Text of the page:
By Cary Zimmerman

We’re now many months into the COVID-19 pandemic and the fate of the U.S. economy remains largely uncertain, with unemployment remaining in double digits and many businesses still struggling to survive. The federal government is expected to formulate a new stimulus bill in the coming weeks to help get the economy back on track. To this end, Senate Majority Leader Mitch McConnell has indicated that the GOP will propose a new $1 trillion-plus stimulus bill, which he has described as “a starting place” for negotiation, in the next several days. Meanwhile, the House proposed a $3 trillion stimulus bill (called the “Heroes Act”) in May 2020. Treasury Secretary Steve Mnuchin and Speaker of the House Nancy Pelosi both have said that they want agreement on the legislation by the end of next week, although McConnell seemed to think that would be unlikely.

The precise details of the ultimate stimulus bill remain to be seen, but the legislation is expected to touch on the following elements:

Direct Payments

The Trump administration originally asked for two direct payments to qualifying individuals and families in March 2020, although we’ve so far only seen one such payment. This new stimulus bill may provide another direct payment, although the structure may be different. The first set of stimulus checks went (in varying amounts) to people earning less than $99,000 per year, with the full $1,200 going to anyone earning less than $75,000. The new round of direct checks may be concentrated even more in lower earners, with McConnell being quoted as in favor of a $40,000 threshold.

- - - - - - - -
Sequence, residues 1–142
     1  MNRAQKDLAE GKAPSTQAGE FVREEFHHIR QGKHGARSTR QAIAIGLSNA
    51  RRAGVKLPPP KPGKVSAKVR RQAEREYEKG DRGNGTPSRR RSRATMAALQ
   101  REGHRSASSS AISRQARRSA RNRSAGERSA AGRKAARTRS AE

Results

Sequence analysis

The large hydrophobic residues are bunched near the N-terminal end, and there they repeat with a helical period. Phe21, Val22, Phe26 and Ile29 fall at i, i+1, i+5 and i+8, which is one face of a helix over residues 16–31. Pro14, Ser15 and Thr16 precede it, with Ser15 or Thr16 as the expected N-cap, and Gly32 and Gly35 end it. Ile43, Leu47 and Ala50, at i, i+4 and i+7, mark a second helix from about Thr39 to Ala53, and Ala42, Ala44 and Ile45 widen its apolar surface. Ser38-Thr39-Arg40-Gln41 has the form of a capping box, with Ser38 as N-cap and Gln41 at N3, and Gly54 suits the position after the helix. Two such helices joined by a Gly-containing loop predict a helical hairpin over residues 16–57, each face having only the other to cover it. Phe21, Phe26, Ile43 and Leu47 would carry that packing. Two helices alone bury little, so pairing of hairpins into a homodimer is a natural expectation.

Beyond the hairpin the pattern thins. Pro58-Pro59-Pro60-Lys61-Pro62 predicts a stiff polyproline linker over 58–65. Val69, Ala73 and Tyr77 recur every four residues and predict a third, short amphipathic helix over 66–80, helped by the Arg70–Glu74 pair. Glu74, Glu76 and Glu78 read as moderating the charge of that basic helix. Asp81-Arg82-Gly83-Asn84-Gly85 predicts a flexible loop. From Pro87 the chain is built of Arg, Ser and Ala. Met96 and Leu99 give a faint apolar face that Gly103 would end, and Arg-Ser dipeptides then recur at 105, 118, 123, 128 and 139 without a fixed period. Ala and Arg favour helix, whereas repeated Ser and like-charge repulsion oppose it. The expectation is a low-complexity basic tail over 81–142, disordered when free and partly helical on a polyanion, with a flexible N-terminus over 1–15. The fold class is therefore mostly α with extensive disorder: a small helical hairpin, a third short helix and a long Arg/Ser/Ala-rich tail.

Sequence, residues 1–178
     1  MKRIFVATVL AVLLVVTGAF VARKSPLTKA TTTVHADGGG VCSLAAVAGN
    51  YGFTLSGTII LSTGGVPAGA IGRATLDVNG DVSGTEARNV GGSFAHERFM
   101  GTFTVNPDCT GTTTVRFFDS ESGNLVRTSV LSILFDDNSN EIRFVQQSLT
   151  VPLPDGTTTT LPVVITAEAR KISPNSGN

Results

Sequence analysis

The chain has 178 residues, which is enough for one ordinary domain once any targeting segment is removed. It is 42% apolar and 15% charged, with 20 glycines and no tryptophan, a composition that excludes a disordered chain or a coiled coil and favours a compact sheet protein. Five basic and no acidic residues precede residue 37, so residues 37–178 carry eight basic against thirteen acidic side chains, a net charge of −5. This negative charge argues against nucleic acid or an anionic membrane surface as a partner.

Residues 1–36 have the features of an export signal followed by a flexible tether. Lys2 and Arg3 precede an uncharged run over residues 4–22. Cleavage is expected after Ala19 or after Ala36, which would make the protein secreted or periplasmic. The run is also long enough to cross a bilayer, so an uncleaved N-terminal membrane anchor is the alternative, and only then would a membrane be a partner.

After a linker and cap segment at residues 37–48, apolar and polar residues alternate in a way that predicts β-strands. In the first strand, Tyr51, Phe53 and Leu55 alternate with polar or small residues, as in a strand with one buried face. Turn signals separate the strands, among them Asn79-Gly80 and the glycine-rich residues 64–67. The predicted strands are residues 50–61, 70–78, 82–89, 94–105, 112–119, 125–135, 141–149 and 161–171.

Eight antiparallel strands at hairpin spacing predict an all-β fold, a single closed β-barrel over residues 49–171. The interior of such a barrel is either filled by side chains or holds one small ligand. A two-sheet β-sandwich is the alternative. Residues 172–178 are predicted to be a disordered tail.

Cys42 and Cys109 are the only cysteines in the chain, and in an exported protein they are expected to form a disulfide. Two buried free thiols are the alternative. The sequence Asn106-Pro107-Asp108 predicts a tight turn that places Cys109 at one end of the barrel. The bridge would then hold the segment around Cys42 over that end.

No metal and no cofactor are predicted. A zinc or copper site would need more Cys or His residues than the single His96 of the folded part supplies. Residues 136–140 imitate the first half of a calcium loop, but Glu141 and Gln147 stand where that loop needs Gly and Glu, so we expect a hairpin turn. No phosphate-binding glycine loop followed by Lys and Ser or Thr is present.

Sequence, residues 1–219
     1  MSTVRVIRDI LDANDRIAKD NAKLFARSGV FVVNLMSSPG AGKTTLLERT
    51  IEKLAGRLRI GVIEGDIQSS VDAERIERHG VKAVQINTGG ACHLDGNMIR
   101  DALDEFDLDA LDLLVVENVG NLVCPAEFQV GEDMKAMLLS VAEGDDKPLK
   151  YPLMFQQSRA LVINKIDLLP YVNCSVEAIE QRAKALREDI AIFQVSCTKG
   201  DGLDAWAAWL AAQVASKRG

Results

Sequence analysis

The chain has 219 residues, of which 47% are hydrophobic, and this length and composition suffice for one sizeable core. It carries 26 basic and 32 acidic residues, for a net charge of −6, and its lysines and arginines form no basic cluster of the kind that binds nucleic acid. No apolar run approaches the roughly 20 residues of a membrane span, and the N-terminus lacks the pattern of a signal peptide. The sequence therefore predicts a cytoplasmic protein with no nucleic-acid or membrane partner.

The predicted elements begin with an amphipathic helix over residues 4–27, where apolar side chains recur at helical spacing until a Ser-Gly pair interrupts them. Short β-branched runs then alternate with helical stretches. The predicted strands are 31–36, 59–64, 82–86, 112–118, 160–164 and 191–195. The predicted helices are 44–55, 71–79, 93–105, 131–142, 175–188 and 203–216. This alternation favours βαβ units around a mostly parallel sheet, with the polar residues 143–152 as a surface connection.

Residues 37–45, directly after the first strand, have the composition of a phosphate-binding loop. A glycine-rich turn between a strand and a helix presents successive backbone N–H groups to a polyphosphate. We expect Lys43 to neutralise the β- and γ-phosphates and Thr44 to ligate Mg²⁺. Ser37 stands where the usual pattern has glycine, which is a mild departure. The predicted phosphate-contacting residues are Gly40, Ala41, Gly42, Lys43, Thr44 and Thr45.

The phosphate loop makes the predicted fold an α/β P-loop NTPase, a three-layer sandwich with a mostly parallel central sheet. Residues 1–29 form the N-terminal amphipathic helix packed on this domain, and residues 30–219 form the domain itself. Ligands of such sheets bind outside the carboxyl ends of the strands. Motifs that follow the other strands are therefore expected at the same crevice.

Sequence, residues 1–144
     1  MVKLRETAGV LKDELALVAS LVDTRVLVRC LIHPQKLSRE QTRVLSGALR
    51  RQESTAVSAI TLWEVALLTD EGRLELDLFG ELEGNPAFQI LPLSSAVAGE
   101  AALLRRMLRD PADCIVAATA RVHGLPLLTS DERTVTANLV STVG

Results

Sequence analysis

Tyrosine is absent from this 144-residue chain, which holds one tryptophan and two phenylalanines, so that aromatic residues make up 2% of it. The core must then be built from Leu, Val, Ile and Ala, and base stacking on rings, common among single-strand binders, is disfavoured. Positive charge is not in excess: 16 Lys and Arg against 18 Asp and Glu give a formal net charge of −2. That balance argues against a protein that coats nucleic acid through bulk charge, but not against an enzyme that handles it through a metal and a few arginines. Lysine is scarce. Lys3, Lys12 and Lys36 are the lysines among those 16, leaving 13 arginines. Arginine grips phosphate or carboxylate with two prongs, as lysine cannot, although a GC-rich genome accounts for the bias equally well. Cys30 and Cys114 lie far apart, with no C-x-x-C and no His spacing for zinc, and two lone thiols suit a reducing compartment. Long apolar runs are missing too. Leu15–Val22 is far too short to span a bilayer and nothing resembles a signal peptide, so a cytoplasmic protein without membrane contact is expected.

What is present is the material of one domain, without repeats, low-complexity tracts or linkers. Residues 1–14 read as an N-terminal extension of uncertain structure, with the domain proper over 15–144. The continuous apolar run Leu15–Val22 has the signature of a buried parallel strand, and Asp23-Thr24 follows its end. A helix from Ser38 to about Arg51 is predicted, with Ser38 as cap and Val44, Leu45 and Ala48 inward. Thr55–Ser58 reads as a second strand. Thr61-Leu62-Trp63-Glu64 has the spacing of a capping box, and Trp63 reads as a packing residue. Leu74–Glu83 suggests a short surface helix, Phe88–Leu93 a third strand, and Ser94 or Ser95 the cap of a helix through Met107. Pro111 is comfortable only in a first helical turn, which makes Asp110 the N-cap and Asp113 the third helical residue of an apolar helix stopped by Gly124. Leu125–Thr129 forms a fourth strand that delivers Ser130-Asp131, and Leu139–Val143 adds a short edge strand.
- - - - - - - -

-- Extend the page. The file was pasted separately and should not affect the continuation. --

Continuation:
PPP Funding

This is likely to be more limited than the original program, and may be applied only to those businesses that have been the hardest hit by the crisis. One potential limit would be to businesses with under 300 employees that can demonstrate significant revenue declines.

Money for Schools

The bill is expected to include $105 billion for education.

Money for Testing, Vaccines and Health Care Providers

With the United States behind in testing capabilities and support for health care, this is likely to be in the stimulus bill.

Other areas that may be covered by the stimulus bill include unemployment insurance (since the $600 federal unemployment enhancement expires on July 31, 2020); a payroll tax cut, as promoted by the Trump administration; liability protections for businesses, schools, health care providers and workers and non-profits; and tax incentives for hiring and retaining workers and for re-opened businesses for PPE and retrofitting.

We will provide updates on the status of the federal government’s consideration of additional stimulus legislation, so please stay tuned to our alerts. If you have any questions about federal programs providing support to individuals and businesses in light of the COVID-19 pandemic, please reach out to Cary Zimmerman at or 216.735.7275.